The departments of Economics, English and Creative Writing at Ashoka University in Haryana’s Sonepat on Wednesday threatened to stop teaching unless the university reinstated an assistant professor who resigned earlier this week.

Sabyasachi Das resigned weeks after he published a research paper exploring the possibility of electoral manipulation in favour of the ruling Bharatiya Janata Party in the 2019 Lok Sabha polls. Vice Chancellor Somak Raychaudhury said on Monday that the university had accepted Das’s resignation.

The economics department, to which Das belonged, demanded in an open letter on Wednesday that Ashoka University should unconditionally offer him his position back.

The statement criticised the “governing body’s interference” in the professional process of academic peer review by “investigat[ing] the merits of [Das’s] recent study”. It was not clear what investigation was carried out by the governing body.

Two persons familiar with the development, however, told Scroll that the governing body had set up a committee to examine Das’s paper, which prompted him to resign from the university.

Scroll emailed the vice chancellor, asking for his response to the allegations. The story will be updated if he responds.

The economics department’s statement also called on the university to state that its governing body will play no role in evaluating faculty research through “any committee or any other structure”.

“Unless these questions regarding basic academic freedoms are resolved before the Monsoon 2023 semester, faculty members of the department will find themselves unable to carry forward their teaching obligations in the spirit of critical inquiry and the fearless pursuit of truth that characterises our classrooms,” it said in the letter to the governing body.

The letter urged the governing body to respond immediately, but no later than August 23.

The department said that Das did not violate any accepted norm of academic practice and that academic research is professionally evaluated through peer review.

“The governing body’s interference in this process to investigate the merit of his recent study constitutes institutional harassment, curtails academic freedom, and forces scholars to operate in an environment of fear,” it said.

The actions of the governing body “pose an existential threat” to the economics department, the letter added. “It is likely to precipitate an exodus of faculty, and prevent us from attracting new faculty.”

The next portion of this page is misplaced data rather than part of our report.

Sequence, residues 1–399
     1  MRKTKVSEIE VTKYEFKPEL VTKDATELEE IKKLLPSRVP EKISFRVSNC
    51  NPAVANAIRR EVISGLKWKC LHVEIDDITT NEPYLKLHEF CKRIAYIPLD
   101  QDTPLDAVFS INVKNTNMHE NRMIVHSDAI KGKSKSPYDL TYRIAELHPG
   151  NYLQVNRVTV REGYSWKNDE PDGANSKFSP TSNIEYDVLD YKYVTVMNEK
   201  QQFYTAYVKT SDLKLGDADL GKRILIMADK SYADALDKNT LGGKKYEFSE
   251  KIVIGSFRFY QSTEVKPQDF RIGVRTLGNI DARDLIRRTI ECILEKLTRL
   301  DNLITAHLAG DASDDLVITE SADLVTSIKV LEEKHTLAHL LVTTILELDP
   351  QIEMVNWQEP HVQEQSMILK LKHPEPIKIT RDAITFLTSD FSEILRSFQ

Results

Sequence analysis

Another professor quits

Days after Das’ resignation, another professor from the Economics Department also quit his post to protest the university’s action, The Indian Express reported. The professor, Pulapre Balakrishnan, told the newspaper: “Yes, I have resigned. It is related to Das’s resignation.”

The university has reportedly not yet taken a decision on Balakrishnan’s resignation.

The departments of English and Creative Writing, in a joint statement, too demanded that Das be reinstated. They said that they would not be able to carry out their teaching obligations “unless questions regarding basic academic freedoms are resolved before the Monsoon 2023 semester”.

The departments of English and Creative Writing also urged social media handles of Ashoka University not to put out “statements discrediting academic research by its faculty members in the future”.

On August 1, the university had said that the research paper had not completed a critical review process and had not been published in an academic journal. “Social media activity or public activism by Ashoka faculty, students or staff in their individual capacity does not reflect the stand of the university,” it added.

On August 13, a letter written by 82 faculty members of Ashoka University had called for the creation of a Committee for Academic Freedom in order to bring in transparency and procedural fairness in such matters.

The letter, drafted and circulated before the resignations of Das and Balakrishnan came to light, was addressed to Vice Chancellor Raychaudhury and the Dean of Faculty Amita Baviskar.

The letter said that a document on academic freedom adopted by the university in 2021 had proposed the setting up of such a committee. It noted that the document is also part of a handbook on faculty policies.

The signatories said that such a committee would prevent public pronouncements claimed to be made on behalf of the university “of whose provenance almost no one at the university is aware”.

The letter added: “It has been bewildering to witness events unfold in the last two weeks that are directly related to academic freedom in a way that makes no reference to this document and behaves, to all purposes, as if it does not exist.”

What did the research paper say?

In the research paper titled “Democratic Backsliding in the World’s Largest Democracy”, Das argued that the BJP won a disproportionate share of closely contested parliamentary seats in 2019 Lok Sabha polls, especially in states where it was the ruling party at the time. The research was published on the Social Science Research Network on July 25.

Das claimed that this alleged electoral manipulation by the BJP also appeared to have taken the form of targeted electoral discrimination against Muslims, “partly facilitated by weak monitoring by election observers”.

However, he stated that his research was “not proofs of fraud” and does not “suggest that manipulation was widespread”. Das also estimated that the BJP may have gained between 9 and 18 parliamentary seats due to this possible manipulation.

Also read:

A new research paper argues manipulation in 2019 polls – what does this mean for EC?